English Wikipedia has an article on:

Etymology 1Edit

From Middle English jawe, jowe, geowe, alteration of *chawe (in early Modern English chawe, chaw), from Proto-West Germanic *kauā (compare Middle Dutch kauwe (fish jaw), kouwe (mouth cavity), dialectal German Käu, Keu (jaw, donkey jowl)), gradation-variant of *keuā (compare Old English ċīan (pl.) ‘gills’, West Frisian kiuw (gill), Dutch kieuw (gill)), noun from Proto-West Germanic *keuwan (compare English chew). More at chew. Alteration probably influenced by Middle English jolle, chaul (jowl), which it replaced (see jowl).



jaw (plural jaws)

  1. One of the bones, usually bearing teeth, which form the framework of the mouth.
  2. The part of the face below the mouth.
    His jaw dropped in amazement.
  3. (figuratively) Anything resembling the jaw of an animal in form or action; especially plural, the mouth or way of entrance.
    the jaws of a pass; the jaws of darkness; the jaws of death.
  4. A notch or opening.
  5. A notched or forked part, adapted for holding an object in place.
    the jaw of a railway-car pedestal.
  6. One of a pair of opposing parts which are movable towards or from each other, for grasping or crushing anything between them.
    the jaws of a vise; the jaws of a stone-crushing machine.
  7. (nautical) The inner end of a boom or gaff, hollowed in a half circle so as to move freely on a mast.
  8. (slang, dated) Impudent, abusive or worthless talk.
    • 1869, Henry Kingsley, Silcote of Silcotes
      Give me the boy, now, and no more of your jaw. I am going to take the boy home with me.
    • 1955, C. S. Lewis, The Magician's Nephew
      "A lot you care," said Digory fiercely. "But I'm sick of this jaw. What have I got to do?"
  9. (slang) Axle guard.
  10. (snooker) The curved part of the cushion marking the entry to the pocket.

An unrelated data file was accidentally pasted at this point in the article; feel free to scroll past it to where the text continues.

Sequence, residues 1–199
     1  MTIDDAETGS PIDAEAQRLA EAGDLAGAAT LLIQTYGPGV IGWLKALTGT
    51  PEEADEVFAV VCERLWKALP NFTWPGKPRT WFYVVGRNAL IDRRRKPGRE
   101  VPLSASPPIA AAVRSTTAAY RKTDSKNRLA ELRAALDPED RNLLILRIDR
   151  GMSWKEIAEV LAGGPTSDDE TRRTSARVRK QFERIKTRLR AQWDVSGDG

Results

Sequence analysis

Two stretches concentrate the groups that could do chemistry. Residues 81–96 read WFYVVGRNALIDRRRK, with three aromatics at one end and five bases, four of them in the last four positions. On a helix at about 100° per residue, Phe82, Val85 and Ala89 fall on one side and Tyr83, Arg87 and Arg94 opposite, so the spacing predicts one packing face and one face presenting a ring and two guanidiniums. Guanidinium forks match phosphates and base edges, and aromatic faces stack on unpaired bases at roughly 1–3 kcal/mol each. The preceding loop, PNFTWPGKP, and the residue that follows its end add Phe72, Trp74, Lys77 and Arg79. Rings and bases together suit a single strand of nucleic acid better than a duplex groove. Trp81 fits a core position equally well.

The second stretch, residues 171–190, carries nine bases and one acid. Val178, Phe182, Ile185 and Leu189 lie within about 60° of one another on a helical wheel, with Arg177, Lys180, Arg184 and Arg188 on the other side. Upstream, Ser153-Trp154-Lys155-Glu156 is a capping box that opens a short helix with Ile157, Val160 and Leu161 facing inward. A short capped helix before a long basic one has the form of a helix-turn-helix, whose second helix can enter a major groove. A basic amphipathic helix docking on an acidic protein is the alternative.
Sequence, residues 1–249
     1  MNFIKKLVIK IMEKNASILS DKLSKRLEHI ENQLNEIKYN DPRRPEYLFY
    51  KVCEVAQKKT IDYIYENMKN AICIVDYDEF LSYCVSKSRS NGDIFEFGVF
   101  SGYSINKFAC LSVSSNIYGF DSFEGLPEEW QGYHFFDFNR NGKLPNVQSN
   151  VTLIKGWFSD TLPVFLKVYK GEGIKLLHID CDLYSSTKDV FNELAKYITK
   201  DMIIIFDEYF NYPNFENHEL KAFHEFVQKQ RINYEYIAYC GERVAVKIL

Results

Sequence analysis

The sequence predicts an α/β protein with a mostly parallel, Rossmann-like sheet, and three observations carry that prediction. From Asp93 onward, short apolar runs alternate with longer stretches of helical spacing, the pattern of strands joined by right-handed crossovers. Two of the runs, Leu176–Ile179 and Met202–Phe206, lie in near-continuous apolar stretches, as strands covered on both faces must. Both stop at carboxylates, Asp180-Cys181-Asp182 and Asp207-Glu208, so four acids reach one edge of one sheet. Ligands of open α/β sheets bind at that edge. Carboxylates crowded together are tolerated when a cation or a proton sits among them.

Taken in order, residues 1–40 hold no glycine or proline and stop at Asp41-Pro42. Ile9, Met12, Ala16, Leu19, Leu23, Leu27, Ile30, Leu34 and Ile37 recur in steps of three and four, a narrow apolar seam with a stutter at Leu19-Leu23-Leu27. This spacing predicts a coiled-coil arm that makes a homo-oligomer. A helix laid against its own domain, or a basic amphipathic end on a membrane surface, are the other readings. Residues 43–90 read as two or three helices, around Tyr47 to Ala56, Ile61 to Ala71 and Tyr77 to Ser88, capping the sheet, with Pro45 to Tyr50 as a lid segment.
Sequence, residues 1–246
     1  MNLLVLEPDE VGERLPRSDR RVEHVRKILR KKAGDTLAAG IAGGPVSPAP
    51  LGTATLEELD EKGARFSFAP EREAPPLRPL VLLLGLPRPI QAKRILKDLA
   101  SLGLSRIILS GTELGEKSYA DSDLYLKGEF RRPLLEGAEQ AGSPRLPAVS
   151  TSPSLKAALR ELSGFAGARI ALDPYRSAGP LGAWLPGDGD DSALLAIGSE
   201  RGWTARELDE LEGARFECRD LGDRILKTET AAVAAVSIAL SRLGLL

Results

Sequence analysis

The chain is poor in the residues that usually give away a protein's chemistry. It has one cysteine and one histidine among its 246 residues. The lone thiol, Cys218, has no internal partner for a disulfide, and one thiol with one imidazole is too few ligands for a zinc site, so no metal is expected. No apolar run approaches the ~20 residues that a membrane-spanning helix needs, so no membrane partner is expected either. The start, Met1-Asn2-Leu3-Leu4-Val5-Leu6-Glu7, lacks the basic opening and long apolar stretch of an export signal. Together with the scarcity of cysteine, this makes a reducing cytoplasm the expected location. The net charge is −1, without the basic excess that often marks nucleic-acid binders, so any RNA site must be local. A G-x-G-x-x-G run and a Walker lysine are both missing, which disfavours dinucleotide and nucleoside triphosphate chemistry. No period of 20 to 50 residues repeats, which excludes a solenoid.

Derived termsEdit
The translations below need to be checked and inserted above into the appropriate translation tables. See instructions at Wiktionary:Entry layout § Translations.
See alsoEdit


jaw (third-person singular simple present jaws, present participle jawing, simple past and past participle jawed)

  1. (transitive) To assail or abuse by scolding.
    • 1933, Ethel Lina White, The Spiral Staircase (Some Must Watch), Chapter 4, [1]
      He built the Summit, so as to have no neighbours. And Lady Warren couldn't abide It. She was always jawing him about it, and they had one awful quarrel, in his study.
  2. (intransitive) To scold; to clamor.
    • 1748, Tobias Smollett, The Adventures of Roderick Random, Chapter 24, [2]
      [] he waked him, which put him in a main high passion, and he swore woundily at the lieutenant, and called him lousy Scotch son of a whore [] , and swab, and lubber, whereby the lieutenant returned the salute, and they jawed together fore and aft a good spell, till at last the captain turned out, and, laying hold of a rattan, came athwart Mr. Bowling's quarter: whereby he told the captain that, if he was not his commander, he would heave him overboard []
  3. (intransitive, informal) To talk; to converse.
  4. (snooker, transitive, intransitive) (of a ball) To stick in the jaws of a pocket.

Etymology 2Edit

Uncertain, see Jew's harp for more.


jaw (not comparable)

  1. (used in certain set phrases like jaw harp, jaw harpist and jaw's-trump)

North FrisianEdit



  1. your (second personal pronoun plural possessive)

See alsoEdit




jaw f

  1. genitive plural of jawa



  1. second-person singular imperative of jawić